The alternative is to buy heated liners to wear under your regular riding gloves. But then again, it’s a bit uncomfortable and seriously vague when it comes to the contact feel on your bike’s controls.
There has to be a better way.
And there is! Oxford makes some killer heated grips that allow me to keep my gloves and my tactile response. They come from Britain: a place where cold and wet rides are known simply as … rides.
The Heaterz Grips dole out the warmth in five levels, which is more than enough. In fact at 100% it’s almost painful to keep my hands on here. Of course the top of my fingers still get cold, so I normally wear a decent insulated glove anyway.
The grips themselves feel great. Where your hands rest, there’s a dense block tread for maximum vibration cancellation and durability. Then I get a grippier diamond pattern where I actively grip the throttle.
Best thing about the Oxford Heaterz is the battery saving mode… if you forget to turn them off, they’ll automatically go into standby when your motorcycle isn’t running. That way you won’t come back to a dead bike.
Speaking of which, these only draw 4 amps, so they won’t kill your bike via the fuse box either.
Installation takes about an hour… simple wiring from the battery and simple glue-on grips. The most laborious part will be cutting off the old ones. Also it takes a bit of creativity to find a place for this. Oxford makes fitments for ADV, sport, cruiser, touring, commuting, ATV and scooter… the difference is just the inside diameter and the length.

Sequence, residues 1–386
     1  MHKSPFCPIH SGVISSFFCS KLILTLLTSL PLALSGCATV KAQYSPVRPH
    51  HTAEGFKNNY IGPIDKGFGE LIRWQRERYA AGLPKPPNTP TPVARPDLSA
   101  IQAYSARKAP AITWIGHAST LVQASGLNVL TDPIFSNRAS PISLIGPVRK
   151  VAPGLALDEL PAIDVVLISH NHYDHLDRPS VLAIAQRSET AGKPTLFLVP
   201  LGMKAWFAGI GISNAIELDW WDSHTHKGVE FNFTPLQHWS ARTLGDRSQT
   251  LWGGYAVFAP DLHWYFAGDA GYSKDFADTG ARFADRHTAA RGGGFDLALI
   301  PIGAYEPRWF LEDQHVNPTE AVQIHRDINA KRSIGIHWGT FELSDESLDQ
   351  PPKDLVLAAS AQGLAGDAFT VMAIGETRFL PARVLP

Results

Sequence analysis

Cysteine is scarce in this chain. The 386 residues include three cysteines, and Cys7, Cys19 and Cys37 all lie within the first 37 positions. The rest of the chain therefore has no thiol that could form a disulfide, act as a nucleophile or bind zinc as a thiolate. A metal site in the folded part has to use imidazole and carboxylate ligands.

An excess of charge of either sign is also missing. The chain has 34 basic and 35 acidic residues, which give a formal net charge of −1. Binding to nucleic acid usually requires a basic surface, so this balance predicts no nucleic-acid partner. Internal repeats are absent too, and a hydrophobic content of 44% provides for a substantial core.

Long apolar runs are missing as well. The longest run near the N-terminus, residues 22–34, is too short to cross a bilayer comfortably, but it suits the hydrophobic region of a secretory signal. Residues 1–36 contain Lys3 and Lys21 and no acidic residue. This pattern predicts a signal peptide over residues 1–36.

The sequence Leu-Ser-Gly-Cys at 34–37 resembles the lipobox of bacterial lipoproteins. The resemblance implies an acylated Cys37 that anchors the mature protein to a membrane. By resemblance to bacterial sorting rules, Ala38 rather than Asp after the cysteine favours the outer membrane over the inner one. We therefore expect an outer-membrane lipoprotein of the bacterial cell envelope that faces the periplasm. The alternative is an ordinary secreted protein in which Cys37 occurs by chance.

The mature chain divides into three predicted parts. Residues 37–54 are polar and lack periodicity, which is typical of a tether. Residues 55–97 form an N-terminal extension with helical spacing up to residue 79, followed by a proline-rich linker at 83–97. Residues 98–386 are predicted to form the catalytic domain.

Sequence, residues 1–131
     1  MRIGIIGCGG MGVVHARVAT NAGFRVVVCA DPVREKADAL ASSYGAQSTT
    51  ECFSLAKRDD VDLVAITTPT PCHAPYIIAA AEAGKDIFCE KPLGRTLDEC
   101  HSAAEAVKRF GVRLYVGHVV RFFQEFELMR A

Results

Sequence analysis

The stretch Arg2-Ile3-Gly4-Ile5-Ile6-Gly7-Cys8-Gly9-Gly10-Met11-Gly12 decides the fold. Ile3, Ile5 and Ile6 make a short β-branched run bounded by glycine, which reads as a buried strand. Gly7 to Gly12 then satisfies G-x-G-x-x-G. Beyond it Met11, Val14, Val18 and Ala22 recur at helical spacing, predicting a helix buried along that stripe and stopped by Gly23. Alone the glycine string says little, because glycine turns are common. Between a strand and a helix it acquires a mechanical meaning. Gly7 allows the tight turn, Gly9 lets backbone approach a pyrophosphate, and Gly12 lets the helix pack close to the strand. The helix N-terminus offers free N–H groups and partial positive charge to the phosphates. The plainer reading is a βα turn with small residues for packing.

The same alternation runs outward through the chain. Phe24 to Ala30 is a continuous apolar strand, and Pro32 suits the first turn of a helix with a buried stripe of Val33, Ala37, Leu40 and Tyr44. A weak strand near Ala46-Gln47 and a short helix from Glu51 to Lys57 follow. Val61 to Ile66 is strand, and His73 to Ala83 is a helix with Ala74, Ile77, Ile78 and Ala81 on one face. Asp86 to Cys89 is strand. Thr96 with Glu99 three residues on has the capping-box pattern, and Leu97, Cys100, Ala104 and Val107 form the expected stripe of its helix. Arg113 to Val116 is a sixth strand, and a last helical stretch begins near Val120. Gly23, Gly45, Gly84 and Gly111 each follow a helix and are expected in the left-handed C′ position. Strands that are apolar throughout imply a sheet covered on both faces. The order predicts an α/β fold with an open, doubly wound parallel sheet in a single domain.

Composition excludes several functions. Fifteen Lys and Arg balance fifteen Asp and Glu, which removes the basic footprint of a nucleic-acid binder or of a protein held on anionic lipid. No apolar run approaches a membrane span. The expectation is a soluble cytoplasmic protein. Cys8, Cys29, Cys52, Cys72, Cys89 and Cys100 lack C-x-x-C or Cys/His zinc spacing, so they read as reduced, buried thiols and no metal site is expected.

Aside from hands, the other extremity you’ll need to worry about is your feet.
I’ll do the song and dance one more time. Yes you can buy heated boots. Yes they’re overpriced because they’re heated. And no, they’re usually not as competent as regular motorcycle boots.
Better to use a heated insole with the footwear you already have. The best of which is the Thermacell ProFLEX . Stats are similar to that other Thermacell Heat Pad thing. Up to six hours on the lowest setting, four or less on high.
The difference I noticed is that these don’t feel as hot to the touch. They’re more about maintaining a constant positive temperature in your boots so your feet neither sweat nor freeze. Whatever. The most useful thing I can say is that they kept me comfortable.
On the bike, that is. The insoles are quite stiff for walking while the cushion-covered battery is extremely soft. So you can feel it’s outline on your heel with each step and that’s annoying.
But again, on the bike, it’s fine.
Thermacell brags about this carrying case, which is cheap and undoubtedly something I’ll never use, so that’s that. They should have spent more time talking about the battery case, which doubles as a dual-charging station, connected via this USB-micro-USB cable to a computer or this wall plug.
Four hours to charge two batteries… one for each foot.
You’ll want to wear thin athletic socks for best results, as was true with the vest we saw. Also sizing is imprecise so get your scissors ready.
If heated insoles are so interesting to you that you bother to check out the competition, you’ll notice that Thermacell makes a Heavy Duty version for 20 bucks more and an “original” model for 50 dollars less.
The Heavy Duty version can quick-charge in 2 hours, which I suspect isn’t great for the battery. And it’s also controlled via Bluetooth and a rather-finicky smartphone app.
Personally I prefer the simple remote. But if fiddling with your iPhone in -40 appeals to you, by all means, spend more on the Heavy Duty version.
And if you’re tempted to spend less on the original version, know that it doesn’t have removable batteries, so you’ll have to take the insoles out every time you want to charge them.
And that’s it for my favourite heated gear. Thanks for watching.